Collective Connectivity

connecting mind and body to space.

This design was for a family in Sandringham, along the beachside suburbs of Melbourne. The father of the home has MS (multiple sclerosis) and wanted to continue interacting with his family on a daily basis. He is unable to walk and therefore needed a space where it was flexible for contact. The upstairs area is dedicated to him, a space for his care and his fun. As a caregiver for the father, I was aware of his needs and desires in wanting to have more opportunities in interacting with the family, and as a very social and kind individual, he wanted to continue engagement and relationships as well with his friends.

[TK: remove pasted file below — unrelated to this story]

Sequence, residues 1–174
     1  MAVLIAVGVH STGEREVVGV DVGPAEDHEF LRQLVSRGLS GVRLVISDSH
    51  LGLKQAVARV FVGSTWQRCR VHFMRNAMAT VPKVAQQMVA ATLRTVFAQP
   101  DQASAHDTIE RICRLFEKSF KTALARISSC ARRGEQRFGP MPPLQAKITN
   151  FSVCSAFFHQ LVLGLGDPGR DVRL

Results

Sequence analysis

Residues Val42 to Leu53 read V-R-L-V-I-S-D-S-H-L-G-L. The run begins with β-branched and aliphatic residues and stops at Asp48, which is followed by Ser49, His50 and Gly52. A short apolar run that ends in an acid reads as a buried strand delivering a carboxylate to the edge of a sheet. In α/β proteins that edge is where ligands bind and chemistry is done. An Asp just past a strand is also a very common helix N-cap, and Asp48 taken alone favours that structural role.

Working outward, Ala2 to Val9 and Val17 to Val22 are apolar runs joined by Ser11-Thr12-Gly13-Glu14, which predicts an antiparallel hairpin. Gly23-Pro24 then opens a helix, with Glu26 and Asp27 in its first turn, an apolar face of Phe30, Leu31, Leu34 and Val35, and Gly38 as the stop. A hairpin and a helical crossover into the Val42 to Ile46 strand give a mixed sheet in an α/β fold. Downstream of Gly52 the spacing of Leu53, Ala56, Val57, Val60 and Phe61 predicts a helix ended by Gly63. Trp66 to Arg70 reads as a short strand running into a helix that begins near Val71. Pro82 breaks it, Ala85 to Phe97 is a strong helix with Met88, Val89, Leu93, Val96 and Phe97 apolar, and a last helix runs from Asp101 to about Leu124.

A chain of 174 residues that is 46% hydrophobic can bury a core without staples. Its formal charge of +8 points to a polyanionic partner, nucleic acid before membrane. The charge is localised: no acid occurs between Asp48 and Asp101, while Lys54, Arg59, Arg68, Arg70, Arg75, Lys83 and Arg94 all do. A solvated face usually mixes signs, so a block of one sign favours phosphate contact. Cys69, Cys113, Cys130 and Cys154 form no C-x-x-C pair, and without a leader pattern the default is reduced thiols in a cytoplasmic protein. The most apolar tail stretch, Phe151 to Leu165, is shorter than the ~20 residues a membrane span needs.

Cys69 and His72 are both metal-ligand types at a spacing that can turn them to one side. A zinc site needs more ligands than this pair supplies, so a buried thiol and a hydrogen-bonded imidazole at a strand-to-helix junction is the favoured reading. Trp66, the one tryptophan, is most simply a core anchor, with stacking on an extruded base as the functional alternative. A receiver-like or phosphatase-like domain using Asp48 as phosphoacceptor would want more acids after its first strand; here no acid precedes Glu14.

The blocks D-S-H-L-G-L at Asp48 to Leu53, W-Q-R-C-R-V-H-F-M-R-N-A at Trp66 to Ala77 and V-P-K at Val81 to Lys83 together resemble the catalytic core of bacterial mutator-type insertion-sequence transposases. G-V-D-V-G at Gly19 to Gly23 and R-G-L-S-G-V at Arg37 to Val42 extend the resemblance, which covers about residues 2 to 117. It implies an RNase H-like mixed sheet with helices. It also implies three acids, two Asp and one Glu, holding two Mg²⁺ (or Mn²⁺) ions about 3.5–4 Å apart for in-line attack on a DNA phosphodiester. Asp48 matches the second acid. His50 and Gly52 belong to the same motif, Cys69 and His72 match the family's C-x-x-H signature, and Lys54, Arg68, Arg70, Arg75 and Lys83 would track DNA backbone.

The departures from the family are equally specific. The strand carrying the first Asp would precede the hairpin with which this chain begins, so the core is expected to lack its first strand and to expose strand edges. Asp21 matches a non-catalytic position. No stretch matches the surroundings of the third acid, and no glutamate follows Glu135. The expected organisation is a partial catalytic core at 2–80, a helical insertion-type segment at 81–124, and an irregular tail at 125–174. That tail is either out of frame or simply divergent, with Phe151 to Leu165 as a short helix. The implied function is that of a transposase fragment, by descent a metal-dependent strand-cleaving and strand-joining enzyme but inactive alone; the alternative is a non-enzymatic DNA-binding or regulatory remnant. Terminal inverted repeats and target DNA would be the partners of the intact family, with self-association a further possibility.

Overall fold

The following space responds to the needs of the entire family. The space breaks the traditional uses of a dinning room and a living room combined. It allows for multiple interactions during the day: mealtime, a movie night, drinks and conversations, games and activities. It honoured the families love for collaboration and union, enabling connectivity with each other aimlessly through the flexibility in spatial layout.

The plants around the space enabled for both ambiance and symbolisation of growth. They bring life into the space, offering engagement by filling it with living organisms, promoting healthy living. By looking after the plants, the father was able to engage in activities which promoted his engagement with the space.  

Additionally, the design of the upstairs home takes into consideration future proofing and multigenerational living, enabling for multiple needs to be met and considered through its spatial use and organisation.

Creating layouts for collective integration, socialisation and health